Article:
Since the group G is regular on each of PI, P2 , B1 and B2 , we can identify G with each of these sets. In order to avoid confusing elements of G with their corresponding points in PI, P2 , etc, we shall identify P

=

PI UP2 with G x {I, 2}

=

{ (9, i)

I

9 E G, i E {1,2} }. We choose base points PI E PI and P2 E P2 , and define the mapping c.p analogously to the way we defined it on the group H in the previous paragraph. Thus

(9, i)c.p =

pf

for all (9,i). Then c.p is a bijection, and if we in fact identify P with G x {I, 2} in this way, then an element 9' E G maps a point (9,i) to (99',i). We could identify B with G x {I, 2} in a similar way, but it will be more convenient to refrain from a formal identification in this case (as we are regarding blocks as subsets of P).

Choose base blocks b1 E Bl and b2 E B2 , and for i, j E {I, 2}, define a subset ~ij of G by

Set

Then k1j

+

k2j

=

Ibj

I =

k for j

=

1,2. We shall show that the subsets ~ij provide a variant of a difference set for G, which is defined as follows.

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Definition 2.1. Let v, k, A be positive integers with k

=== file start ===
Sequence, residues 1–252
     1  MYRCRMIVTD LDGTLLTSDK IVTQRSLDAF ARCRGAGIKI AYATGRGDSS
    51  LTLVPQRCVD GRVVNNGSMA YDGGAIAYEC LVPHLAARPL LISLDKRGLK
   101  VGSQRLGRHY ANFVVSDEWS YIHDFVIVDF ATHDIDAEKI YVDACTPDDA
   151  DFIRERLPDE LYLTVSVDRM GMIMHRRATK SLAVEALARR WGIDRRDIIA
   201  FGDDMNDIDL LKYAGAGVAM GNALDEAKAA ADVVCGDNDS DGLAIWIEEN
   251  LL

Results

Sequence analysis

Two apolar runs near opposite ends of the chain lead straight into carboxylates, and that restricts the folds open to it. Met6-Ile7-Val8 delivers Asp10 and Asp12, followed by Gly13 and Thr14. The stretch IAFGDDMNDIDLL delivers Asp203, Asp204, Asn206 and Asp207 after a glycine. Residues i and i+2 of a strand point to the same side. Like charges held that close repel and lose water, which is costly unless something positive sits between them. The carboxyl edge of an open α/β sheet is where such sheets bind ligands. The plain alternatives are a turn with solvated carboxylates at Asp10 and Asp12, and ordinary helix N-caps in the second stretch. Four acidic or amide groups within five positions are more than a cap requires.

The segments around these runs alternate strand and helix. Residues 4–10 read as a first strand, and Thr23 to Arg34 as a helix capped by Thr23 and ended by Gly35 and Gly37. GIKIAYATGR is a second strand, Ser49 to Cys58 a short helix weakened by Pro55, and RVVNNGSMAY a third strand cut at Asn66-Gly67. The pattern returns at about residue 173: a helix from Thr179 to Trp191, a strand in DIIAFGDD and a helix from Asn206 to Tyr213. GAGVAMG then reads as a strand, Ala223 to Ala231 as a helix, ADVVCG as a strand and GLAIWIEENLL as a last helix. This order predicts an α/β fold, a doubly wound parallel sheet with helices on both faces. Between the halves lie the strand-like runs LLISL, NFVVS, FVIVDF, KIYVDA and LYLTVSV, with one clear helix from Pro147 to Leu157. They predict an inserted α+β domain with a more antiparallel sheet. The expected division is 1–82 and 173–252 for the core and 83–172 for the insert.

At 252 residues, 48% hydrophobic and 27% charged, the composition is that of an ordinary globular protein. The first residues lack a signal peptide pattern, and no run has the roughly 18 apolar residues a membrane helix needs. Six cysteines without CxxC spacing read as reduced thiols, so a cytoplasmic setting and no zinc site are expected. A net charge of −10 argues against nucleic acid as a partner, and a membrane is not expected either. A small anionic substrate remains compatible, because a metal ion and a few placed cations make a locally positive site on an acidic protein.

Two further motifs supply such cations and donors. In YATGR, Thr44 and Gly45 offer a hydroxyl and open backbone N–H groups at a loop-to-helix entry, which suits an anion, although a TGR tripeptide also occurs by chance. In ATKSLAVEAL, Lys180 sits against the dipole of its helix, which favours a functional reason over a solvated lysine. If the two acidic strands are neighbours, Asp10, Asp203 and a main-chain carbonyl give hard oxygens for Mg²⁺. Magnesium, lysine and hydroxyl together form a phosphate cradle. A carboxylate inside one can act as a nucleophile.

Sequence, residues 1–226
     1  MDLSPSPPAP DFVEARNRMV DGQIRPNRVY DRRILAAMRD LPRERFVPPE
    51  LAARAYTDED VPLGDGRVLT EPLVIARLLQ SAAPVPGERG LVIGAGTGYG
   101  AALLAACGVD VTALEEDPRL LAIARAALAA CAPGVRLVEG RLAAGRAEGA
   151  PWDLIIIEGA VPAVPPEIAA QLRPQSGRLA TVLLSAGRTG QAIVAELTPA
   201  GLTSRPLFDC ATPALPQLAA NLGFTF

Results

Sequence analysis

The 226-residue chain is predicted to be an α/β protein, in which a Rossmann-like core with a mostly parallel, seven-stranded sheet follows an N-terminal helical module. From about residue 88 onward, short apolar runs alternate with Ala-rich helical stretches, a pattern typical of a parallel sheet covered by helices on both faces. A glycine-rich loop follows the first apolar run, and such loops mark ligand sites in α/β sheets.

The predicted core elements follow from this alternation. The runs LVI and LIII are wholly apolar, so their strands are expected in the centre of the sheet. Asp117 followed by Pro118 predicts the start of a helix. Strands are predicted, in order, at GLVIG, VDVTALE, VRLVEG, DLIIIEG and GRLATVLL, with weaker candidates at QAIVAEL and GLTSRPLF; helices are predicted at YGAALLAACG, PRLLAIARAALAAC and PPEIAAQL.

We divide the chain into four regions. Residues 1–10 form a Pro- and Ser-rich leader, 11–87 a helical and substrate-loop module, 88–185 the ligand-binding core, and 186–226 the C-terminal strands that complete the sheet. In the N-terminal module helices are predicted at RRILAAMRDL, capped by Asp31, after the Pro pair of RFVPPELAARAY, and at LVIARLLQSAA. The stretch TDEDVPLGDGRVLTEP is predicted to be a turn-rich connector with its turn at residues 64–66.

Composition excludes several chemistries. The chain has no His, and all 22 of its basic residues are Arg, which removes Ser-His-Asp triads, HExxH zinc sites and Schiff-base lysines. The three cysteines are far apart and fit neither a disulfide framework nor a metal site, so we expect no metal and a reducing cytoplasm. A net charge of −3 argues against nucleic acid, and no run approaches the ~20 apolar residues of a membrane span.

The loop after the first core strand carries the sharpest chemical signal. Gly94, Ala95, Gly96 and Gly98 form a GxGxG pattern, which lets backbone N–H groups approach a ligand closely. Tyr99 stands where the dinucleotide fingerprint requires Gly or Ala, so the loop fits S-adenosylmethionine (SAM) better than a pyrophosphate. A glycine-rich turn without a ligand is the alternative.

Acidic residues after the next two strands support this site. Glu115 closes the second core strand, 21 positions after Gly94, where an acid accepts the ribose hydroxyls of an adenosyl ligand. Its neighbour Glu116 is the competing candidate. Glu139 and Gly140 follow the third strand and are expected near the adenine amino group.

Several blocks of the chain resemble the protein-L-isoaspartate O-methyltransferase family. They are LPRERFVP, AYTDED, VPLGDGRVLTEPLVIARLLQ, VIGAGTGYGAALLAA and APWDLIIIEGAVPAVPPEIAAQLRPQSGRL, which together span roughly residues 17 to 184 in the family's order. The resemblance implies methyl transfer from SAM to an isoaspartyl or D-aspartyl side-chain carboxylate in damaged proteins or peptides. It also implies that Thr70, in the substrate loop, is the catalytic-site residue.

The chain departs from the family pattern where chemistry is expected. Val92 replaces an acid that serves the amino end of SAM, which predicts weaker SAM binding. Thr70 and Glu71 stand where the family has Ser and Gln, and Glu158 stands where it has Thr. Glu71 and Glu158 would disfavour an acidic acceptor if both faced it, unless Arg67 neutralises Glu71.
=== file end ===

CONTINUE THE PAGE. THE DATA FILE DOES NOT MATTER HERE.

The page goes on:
<

v and v even, let G be a finite group of order v /2, and, for i,j {1,2}, let !:::.ij be a subset of G of size kij ) where k1j k2j k. Then the collection!:::. := {!:::.ij I i,j E {1,2} } is called a Rahilly family of pre-difference sets for G with parameters v, k, A if the following conditions hold.

(a) For each non-identity element 9 of G, and for i = 1,2, there is a non- negative Ai (g) ::; A such that 9 can be represented exactly Ai (g) times as with c,d E and exactly A - Ai(g) times as ej-l, with

e,jE where{i,j}={1,2}

(b) For each element 9 of G, and for {i, j} = {1,2}, there is a non-negative integer >"ij (g) ::; >', such that 9 can be represented exactly Aij(9) times as cd-1 with c d E and exactly A - Aij(g) times as ej-l, with e E and j E